12. Go to Rawr.Silverlight/App.xaml.cs, and put a breakpoint in the Application_UnhandledException method. That will be hit whenever there's an unhandled exception.
  13. Hit Play to start debugging.
  14. The first time you start debugging, it'll ask you if you want to use Silverlight Debugging. Choose Yes.
  15. You should now have Rawr4 running in your browser, fully debuggable. Note that unlike with WinForms development, you can't use Edit and Continue, so you have to relaunch after making changes. Annoying, I know.

XAML Editing

XAML is the language used for creating GUIs in WPF and Silverlight. VS2010 has a designer for it in Silverlight 4.

One important thing to note while designing interfaces is that it XAML is designed to be vector-based, with very dynamic layouts, that resize, and relayout, as the size of the containing object changes. So you don't typically lay things out by assigning pixel coordinates for controls (you can do that, but it's frowned upon, and gives inferior results). Instead, you let it lay things out using Grids (where you assign controls to cells in a grid, with col/rowspans, etc), StackPanels (where controls are just stacked on top of each other, or next to each other), or DockPanels (where controls are docked to a side, or fill, the container). XAML is also designed with data binding especially in mind. There's a wealth of info out on the internet and in books about XAML; the things you can do compared to Winforms are incredible. I'd suggest checking out some of the showcases on http://silverlight.net for some idea of the things you can do.

All that said, most model devs won't need to create amazing complex visually stunning controls. Rather, you just need some simple labels, text boxes, dropdowns, numerics, perhaps a tab control, etc. VS2010 will help you do that very quickly and easily. Here's how to get started:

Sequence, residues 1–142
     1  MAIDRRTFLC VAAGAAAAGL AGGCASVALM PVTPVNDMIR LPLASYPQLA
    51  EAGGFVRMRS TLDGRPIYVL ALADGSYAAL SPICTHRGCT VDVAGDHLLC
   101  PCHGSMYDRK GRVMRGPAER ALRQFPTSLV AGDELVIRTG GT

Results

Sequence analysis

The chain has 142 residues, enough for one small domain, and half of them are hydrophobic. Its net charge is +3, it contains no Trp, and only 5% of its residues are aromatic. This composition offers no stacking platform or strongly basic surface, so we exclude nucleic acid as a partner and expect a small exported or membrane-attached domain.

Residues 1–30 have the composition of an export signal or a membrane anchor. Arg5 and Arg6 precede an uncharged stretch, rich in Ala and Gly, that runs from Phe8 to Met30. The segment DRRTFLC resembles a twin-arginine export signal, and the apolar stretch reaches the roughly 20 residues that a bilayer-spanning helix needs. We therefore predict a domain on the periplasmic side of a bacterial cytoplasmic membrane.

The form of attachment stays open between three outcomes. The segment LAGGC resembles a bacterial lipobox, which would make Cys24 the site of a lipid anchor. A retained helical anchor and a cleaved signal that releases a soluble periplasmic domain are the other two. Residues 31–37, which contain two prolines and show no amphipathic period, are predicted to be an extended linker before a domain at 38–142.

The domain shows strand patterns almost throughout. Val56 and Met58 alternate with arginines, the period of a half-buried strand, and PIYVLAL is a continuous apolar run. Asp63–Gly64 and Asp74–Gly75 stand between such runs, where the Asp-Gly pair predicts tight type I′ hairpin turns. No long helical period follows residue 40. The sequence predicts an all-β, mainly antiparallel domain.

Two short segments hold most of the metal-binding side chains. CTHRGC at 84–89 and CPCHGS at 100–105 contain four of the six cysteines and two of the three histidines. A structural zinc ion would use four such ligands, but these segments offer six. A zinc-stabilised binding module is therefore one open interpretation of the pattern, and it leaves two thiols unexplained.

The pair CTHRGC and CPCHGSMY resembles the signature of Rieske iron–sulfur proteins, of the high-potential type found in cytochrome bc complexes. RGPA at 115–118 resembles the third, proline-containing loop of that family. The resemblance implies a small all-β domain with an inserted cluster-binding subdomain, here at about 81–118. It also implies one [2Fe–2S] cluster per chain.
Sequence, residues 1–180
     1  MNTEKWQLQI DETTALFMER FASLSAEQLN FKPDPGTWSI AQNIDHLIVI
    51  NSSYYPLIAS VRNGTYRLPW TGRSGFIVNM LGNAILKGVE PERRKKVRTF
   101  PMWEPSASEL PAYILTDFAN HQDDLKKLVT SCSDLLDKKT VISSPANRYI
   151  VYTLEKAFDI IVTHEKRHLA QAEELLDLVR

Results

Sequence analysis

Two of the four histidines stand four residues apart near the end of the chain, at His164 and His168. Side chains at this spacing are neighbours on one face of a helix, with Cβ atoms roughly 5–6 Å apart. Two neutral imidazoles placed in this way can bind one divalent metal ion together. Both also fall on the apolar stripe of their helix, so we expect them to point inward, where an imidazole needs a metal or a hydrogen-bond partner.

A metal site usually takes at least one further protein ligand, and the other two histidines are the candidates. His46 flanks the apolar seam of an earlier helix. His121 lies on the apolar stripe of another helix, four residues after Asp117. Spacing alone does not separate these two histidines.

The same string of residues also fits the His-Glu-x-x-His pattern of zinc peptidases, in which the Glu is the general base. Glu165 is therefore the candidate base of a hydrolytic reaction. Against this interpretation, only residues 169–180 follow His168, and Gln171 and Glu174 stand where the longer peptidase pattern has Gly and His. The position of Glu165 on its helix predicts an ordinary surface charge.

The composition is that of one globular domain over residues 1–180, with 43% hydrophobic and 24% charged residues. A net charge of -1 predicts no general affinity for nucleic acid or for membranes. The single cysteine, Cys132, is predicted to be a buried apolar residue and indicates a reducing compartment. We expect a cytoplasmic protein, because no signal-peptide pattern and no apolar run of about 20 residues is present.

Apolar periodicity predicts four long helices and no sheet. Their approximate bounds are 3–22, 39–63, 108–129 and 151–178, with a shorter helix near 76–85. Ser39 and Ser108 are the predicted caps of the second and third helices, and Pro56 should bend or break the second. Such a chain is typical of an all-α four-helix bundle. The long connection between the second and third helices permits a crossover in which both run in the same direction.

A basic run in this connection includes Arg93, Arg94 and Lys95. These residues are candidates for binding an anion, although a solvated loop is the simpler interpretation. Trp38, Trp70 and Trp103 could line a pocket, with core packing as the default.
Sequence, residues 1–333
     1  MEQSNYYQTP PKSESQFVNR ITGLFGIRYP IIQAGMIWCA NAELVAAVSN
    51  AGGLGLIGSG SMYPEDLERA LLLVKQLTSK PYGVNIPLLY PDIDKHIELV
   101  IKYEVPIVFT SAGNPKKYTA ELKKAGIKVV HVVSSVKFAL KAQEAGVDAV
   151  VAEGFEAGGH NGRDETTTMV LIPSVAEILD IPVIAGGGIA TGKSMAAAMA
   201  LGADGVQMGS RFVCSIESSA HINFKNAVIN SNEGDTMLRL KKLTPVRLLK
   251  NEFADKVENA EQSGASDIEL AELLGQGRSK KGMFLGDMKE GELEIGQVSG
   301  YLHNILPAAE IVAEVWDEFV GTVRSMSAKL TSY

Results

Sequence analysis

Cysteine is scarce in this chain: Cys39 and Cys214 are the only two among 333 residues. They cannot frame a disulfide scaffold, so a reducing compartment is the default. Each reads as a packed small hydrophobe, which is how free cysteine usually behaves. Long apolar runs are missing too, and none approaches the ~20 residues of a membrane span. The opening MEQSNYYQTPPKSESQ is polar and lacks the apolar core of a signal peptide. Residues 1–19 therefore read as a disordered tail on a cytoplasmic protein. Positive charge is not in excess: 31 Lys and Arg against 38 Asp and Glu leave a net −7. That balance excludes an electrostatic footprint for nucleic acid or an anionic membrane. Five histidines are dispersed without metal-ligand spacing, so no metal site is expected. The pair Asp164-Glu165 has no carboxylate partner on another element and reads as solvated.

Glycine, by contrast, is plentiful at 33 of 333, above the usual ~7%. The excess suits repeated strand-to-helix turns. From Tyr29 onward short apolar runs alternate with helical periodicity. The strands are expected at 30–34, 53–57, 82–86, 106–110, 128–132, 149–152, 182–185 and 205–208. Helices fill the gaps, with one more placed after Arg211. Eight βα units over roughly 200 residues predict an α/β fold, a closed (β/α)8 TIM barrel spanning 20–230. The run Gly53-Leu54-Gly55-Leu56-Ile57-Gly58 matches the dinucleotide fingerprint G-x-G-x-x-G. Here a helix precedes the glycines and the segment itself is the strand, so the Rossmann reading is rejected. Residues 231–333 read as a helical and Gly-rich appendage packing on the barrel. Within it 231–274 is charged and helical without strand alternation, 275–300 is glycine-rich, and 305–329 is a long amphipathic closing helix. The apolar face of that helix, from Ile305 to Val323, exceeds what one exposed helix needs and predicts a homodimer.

1. In Visual Studio, with the Rawr4 solution open, go to the project for the model you intend to work on.
  2. Check to see if the following references are there; add them if they're not:
    • System.Windows.Controls
    • System.Windows.Controls.Input.Toolkit
    • System.Windows.Controls.Layout.Toolkit
  3. Save all, the project and solution.
  4. Find a XAML file to look at. Rawr.Mage/CalculationOptionsMage.xaml is a good one that's not too complex, but has a decent number of controls, across a few tabs. Double click on it in the Projects tab.
  5. You should see the control in the middle of the screen. In the bottom left, in the Objects and Timeline tab, is a tree of all the controls in the xaml file. This one has a Grid (named LayoutRoot), which has a TabControl, several TabItems, some Grids, a whole bunch of TextBlocks (labels), TextBoxes, CheckBoxes, Buttons, etc.
  6. On the left edge of the screen is a vertical bar of tools, including common controls like grids, textboxes, and buttons. The last tool there pops out a list of all controls, which are grouped in several categories, that you can choose from.

That should get you started on making the XAML controls you need for Rawr4.

Last edited Nov 12, 2012 at 5:03 AM by Kavan, version 10

Comments

tarix Jun 21, 2011 at 4:07 AM 
In order to compile the WPF version of Rawr you also need to install the WPF Toolkit:

http://wpf.codeplex.com/releases/view/40535